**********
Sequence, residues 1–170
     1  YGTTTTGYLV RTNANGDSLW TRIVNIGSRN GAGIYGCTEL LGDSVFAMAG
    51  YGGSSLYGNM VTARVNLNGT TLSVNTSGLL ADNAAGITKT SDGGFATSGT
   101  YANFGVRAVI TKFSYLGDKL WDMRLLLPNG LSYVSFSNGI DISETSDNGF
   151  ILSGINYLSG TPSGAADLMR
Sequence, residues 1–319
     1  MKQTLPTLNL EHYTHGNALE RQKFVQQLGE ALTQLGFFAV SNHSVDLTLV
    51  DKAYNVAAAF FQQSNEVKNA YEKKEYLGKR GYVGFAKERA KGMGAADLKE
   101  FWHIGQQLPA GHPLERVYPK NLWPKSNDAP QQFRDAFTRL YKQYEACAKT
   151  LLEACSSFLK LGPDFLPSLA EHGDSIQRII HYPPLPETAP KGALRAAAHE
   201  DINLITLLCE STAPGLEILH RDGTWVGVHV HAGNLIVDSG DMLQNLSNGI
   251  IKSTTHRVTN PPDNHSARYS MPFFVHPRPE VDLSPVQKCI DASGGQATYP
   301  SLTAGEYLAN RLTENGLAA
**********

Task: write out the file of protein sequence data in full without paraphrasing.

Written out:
Sequence, residues 1–170
     1  YGTTTTGYLV RTNANGDSLW TRIVNIGSRN GAGIYGCTEL LGDSVFAMAG
    51  YGGSSLYGNM VTARVNLNGT TLSVNTSGLL ADNAAGITKT SDGGFATSGT
   101  YANFGVRAVI TKFSYLGDKL WDMRLLLPNG LSYVSFSNGI DISETSDNGF
   151  ILSGINYLSG TPSGAADLMR
Sequence, residues 1–319
     1  MKQTLPTLNL EHYTHGNALE RQKFVQQLGE ALTQLGFFAV SNHSVDLTLV
    51  DKAYNVAAAF FQQSNEVKNA YEKKEYLGKR GYVGFAKERA KGMGAADLKE
   101  FWHIGQQLPA GHPLERVYPK NLWPKSNDAP QQFRDAFTRL YKQYEACAKT
   151  LLEACSSFLK LGPDFLPSLA EHGDSIQRII HYPPLPETAP KGALRAAAHE
   201  DINLITLLCE STAPGLEILH RDGTWVGVHV HAGNLIVDSG DMLQNLSNGI
   251  IKSTTHRVTN PPDNHSARYS MPFFVHPRPE VDLSPVQKCI DASGGQATYP
   301  SLTAGEYLAN RLTENGLAA